A brief mention of service.  It’s basically self serve.  You go to the counter and give your order, sometimes they bring it to you and sometimes they just call your name and you go to the pick up area, then you go back and forth if you need things.

Onto the food!  We always get oysters as a start.  They also have shrimp cocktails and ceviche, which are delicious.

Oysters at Big Shucks
Yup, I ate half of them. Be jealous.

It’s one of those places where the food comes out as it’s ready, but I’ve never felt rushed.  Their pacing is pretty nice.  So, we were able to savor the yummy oysters before our entrees arrived.  Now, I admit Big Shucks has a fairly limited selection, but what they do have, they do well.  I almost always get the scallops.  They’re grilled with a little seasoning.  No fuss, no muss.  None of this fancy bacon-wrapped special sauce crap.  You get pure scallop goodness.  Dad usually rotates through a few selections, but this time he got the salmon.  Again, there’s nothing fancy to it.  Just lovely, cooked to perfection fish.  That’s the great thing about this place.  You get to taste the seafood instead of a bunch of sauce and toppings.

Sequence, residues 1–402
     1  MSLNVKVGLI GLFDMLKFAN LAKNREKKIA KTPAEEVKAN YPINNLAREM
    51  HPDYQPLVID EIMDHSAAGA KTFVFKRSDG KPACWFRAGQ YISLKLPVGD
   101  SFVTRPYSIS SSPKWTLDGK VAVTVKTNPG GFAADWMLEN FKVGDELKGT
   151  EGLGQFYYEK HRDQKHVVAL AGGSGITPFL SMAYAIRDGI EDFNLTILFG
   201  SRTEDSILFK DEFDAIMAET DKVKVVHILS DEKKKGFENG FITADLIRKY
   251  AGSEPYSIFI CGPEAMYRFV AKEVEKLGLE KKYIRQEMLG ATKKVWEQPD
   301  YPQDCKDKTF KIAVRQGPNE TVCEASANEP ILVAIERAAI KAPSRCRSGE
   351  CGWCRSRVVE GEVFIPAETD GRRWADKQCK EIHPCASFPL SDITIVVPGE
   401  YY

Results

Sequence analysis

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Dad’s Salmon and veggies, and my scallops with rice and veggies.

Dessert… It’s less than spectacular.  All they have is “homemade” key lime pie that is almost certainly from a box.  It’s not bad, it’s just not great.  Luckily, Dallas’s Big Shucks is just down the street from TCBY and a few streets over from Pinkberry, so if key lime pie doesn’t blow your skirt up, you can go get yogurt!